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Thread: Small but big variation in load

  1. #1

    Default Small but big variation in load

    Something that kind of concerned us was the charge coming out of our Hornady Progressive loader. We loaded up some 185 grain copper with 4.2 of Bullseye.

    The charge was right on 4.2 for about 10-12 rounds then we got 4.4, 4.1 etc.. I thought flake and ball powder was supposed to measure very well? Is it reasonable to expect that much of a difference in the charge? We are being very careful and measuring about every 10 rounds to make sure the charge was right on at 4.2 which is why we discovered the slight variance. Is this normal in a progressive loader? Is it normal for flake powder like the Bullseye? what should we expect from other powders?

    I'd also like to asked about accuracy. I know that a small variation in loads can effect accuracy. We are experiencing about .1 or .2 in our charges (up and down). Is this enough to effect accuracy in a 40 or 45 cal load? I haven't touched my rifle loads yet and plan on setting up a separate bench for that with a Rock Chucker or some other single stag so I can measure and load one at a time more carefully. the pistol rounds we are loading now are more fun on the range rounds..

    I do appreciate all the feedback you guys have given me so far and yes, reloading is very addicting but I am finding, being new, I am a little paranoid with the whole process.

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    Great question, sounds like you are thinking the right way. Measured steps and repeatability is the key to reloading.

    Answer, I have no idea about pistols. You asked about rifles, and I have found .1g (and sometimes .2g) +/- to be of no noticeable difference to about 300 yards with standard hunting rounds. That being said, I measure all my rifle charges. I have found some powders just do not measure well, and I like the redundancy of checking each one. If I was making larger quantities for plinking and such, then I might not worry as much.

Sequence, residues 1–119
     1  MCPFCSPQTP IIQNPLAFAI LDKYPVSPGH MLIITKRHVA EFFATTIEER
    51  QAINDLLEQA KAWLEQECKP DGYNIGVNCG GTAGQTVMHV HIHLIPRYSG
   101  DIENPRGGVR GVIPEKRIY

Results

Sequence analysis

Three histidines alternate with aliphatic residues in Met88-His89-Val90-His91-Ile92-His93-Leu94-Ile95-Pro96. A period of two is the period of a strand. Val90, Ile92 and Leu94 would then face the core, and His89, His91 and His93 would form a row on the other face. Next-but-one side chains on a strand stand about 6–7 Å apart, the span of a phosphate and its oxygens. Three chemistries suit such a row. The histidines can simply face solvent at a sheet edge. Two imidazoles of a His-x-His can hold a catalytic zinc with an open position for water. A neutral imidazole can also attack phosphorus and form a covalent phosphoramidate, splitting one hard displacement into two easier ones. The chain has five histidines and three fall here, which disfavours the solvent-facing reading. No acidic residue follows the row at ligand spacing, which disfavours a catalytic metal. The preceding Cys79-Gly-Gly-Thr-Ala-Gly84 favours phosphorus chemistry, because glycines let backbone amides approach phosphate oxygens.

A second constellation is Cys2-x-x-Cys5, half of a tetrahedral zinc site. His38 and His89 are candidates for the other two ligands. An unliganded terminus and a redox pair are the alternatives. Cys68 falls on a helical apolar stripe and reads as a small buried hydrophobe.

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    Some powder measures work better than others. Bulleye usually throws pretty close. Powder measures that are set up to throw small charges usually work better that ones set up for throwing large charges. I am not familiar with Hornadys powder thrower so I can't comment on your thrower as far as expected accuracy. My Dillon does a very good job with Bulleye using the small powder slide, easily keeping it within .1 +or -. When using stick type rifle powders such as 4350 and such I don't think they make a powder dispencer that works all that well. Most of the ball powders dispence very well but I usually weigh each one when loading rifle.

  4. #4

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    Quote Originally Posted by rbuck351 View Post
    Some powder measures work better than others. Bulleye usually throws pretty close. Powder measures that are set up to throw small charges usually work better that ones set up for throwing large charges. I am not familiar with Hornadys powder thrower so I can't comment on your thrower as far as expected accuracy. My Dillon does a very good job with Bulleye using the small powder slide, easily keeping it within .1 +or -. When using stick type rifle powders such as 4350 and such I don't think they make a powder dispencer that works all that well. Most of the ball powders dispence very well but I usually weigh each one when loading rifle.
    So it sounds as if we are right in line with the norm running plus/minus 1 or so which is what I was looking for.

    I do plan on setting up a separate bench for rifle rounds and measure each load. Being new to loading I just wanted to make sure I was following a safe practice not necessarily the best practice.